• Sponge-like tapered pieces of absorbent material are placed into the cervix. This material becomes moist and slowly opens the cervix. It will remain in place for several hours or overnight. A second or third application of the material may be necessary.
    • Following dilation of the cervix, intravenous medications may be given to ease discomfort or pain and prevent infection.
    • After a local or general anesthesia has been administered, the fetus and placenta are removed from the uterus with medical instruments such as forceps and suction curettage. Occasionally for removal, it may be necessary to dismember the fetus.
  • Possible Risks
    • Blood clots in the uterus
    • Heavy bleeding
    • Cut or torn cervix
    • Perforation of the wall of the uterus
    • Pelvic infection
    • Incomplete abortion
    • Anesthesia-related complications

 

  • Labor Induction
    • Labor induction may require a hospital stay.
    • Medicine is placed in the cervix to soften and dilate it.
    • There are three ways to start labor early:
      • Medication is given directly into the bloodstream (vein) of the pregnant woman starting uterine contractions.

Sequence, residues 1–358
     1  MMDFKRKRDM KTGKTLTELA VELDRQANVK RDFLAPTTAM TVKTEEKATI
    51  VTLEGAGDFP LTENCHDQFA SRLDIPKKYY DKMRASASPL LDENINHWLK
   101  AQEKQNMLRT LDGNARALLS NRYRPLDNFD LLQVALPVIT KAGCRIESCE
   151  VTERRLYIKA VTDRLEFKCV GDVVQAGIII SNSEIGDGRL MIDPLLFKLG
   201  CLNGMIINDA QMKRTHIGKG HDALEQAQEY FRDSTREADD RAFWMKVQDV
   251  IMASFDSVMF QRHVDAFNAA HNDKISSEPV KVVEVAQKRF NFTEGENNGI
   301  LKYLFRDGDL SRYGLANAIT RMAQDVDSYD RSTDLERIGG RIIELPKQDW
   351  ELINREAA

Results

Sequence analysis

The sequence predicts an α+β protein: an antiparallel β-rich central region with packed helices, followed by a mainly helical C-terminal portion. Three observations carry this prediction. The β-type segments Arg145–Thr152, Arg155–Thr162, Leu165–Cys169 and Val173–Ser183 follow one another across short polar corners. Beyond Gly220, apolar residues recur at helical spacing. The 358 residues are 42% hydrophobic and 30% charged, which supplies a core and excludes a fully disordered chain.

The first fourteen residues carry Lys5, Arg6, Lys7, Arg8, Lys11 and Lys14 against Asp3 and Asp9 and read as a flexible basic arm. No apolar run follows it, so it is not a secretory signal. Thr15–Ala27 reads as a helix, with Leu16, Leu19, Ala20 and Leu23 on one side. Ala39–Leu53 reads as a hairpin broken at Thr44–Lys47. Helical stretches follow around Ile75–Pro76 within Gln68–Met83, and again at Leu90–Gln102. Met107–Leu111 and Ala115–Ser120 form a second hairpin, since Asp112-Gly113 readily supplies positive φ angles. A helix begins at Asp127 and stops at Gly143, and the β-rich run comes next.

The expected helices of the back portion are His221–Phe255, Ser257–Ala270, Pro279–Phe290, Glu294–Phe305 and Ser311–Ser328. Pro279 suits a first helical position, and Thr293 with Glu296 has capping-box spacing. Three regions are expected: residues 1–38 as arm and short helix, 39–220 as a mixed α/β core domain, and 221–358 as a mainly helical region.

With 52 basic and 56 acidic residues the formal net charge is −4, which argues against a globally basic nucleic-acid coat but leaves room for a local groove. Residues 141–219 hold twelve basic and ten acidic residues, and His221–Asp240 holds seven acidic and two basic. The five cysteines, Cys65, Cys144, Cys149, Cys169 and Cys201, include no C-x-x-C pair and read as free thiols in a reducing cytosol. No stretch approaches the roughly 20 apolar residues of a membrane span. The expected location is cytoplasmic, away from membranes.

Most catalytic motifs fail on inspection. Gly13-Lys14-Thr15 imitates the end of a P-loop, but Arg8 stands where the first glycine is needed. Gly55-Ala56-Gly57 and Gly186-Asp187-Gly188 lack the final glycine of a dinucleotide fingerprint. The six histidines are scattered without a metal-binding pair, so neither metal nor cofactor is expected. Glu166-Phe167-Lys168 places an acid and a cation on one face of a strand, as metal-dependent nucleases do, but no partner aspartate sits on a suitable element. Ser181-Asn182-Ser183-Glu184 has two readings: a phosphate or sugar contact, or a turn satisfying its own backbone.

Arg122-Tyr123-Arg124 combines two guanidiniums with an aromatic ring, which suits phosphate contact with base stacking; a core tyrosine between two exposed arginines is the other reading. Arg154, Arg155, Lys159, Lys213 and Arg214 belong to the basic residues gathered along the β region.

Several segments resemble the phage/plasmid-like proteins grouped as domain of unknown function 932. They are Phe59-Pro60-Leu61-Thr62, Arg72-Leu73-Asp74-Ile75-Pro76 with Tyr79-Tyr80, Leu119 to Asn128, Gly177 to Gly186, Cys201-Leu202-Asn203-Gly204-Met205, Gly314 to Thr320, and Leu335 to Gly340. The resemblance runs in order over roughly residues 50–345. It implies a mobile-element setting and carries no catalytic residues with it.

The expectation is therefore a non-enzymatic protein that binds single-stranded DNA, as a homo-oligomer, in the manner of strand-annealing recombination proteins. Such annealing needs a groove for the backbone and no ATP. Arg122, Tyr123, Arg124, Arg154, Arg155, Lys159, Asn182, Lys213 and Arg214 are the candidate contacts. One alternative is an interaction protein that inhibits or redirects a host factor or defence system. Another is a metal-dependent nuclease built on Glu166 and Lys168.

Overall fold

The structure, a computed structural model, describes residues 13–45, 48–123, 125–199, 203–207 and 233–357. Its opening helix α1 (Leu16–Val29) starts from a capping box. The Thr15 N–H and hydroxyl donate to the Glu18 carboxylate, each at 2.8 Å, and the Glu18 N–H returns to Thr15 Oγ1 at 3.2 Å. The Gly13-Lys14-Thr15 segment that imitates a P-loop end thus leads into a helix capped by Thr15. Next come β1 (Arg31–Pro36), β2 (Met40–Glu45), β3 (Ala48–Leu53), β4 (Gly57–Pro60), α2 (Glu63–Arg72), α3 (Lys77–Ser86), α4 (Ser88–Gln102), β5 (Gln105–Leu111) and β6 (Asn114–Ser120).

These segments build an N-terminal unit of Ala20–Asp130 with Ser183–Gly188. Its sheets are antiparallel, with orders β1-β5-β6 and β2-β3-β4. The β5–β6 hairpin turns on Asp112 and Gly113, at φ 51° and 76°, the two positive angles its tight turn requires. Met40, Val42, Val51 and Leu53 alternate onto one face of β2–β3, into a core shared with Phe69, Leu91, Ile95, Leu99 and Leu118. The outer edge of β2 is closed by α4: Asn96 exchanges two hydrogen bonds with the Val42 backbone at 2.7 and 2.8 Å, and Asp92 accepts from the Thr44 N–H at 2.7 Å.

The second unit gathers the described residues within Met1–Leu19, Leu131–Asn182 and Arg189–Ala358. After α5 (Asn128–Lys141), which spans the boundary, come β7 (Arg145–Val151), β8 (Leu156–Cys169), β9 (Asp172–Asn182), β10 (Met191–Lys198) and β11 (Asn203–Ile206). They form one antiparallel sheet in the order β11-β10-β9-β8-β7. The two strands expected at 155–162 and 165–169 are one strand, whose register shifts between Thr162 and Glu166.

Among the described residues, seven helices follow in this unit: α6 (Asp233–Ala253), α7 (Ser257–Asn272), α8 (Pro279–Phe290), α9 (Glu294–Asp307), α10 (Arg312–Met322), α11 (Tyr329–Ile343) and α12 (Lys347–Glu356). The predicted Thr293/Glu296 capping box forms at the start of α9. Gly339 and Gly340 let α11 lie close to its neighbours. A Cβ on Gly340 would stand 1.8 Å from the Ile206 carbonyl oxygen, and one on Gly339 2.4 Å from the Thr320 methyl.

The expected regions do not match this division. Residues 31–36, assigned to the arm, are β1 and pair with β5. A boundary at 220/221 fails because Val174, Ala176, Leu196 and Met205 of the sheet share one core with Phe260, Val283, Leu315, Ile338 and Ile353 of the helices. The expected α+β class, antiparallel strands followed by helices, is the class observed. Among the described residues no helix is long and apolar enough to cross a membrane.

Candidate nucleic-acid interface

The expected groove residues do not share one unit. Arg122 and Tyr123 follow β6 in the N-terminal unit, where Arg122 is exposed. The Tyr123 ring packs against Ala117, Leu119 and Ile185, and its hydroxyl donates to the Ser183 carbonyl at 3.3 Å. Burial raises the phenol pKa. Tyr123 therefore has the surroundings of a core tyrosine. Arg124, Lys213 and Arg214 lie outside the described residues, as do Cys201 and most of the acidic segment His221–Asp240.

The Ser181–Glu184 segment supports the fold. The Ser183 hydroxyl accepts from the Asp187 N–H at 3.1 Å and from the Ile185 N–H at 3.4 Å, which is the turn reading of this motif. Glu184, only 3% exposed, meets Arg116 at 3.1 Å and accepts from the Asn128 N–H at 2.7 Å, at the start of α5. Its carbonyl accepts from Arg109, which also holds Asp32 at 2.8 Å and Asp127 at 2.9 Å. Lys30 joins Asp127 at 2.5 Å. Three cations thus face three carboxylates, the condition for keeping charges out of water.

• Medication inserted into the vagina to start uterine contractions.
      • Medication injected (instillation) directly into the amniotic sac by inserting a needle through the mother’s abdomen and into the amniotic sac (bag of waters). This stops the pregnancy and starts uterine contractions.
    • Labor and delivery of the fetus during this period are similar to the experiences of childbirth.
    • The duration of labor depends on the size of the baby and contractility of the uterus.
    • There is a small chance that a baby could live for a short period of time depending on the baby’s gestational age and health at the time of delivery.
  • Possible Risks
    • If the placenta is not completely removed during labor induction, the doctor must open the cervix and use suction curettage (removal of uterine contents by low-pressure suction).
    • Labor induction abortion carries the highest risk for problems, such as infection and heavy bleeding.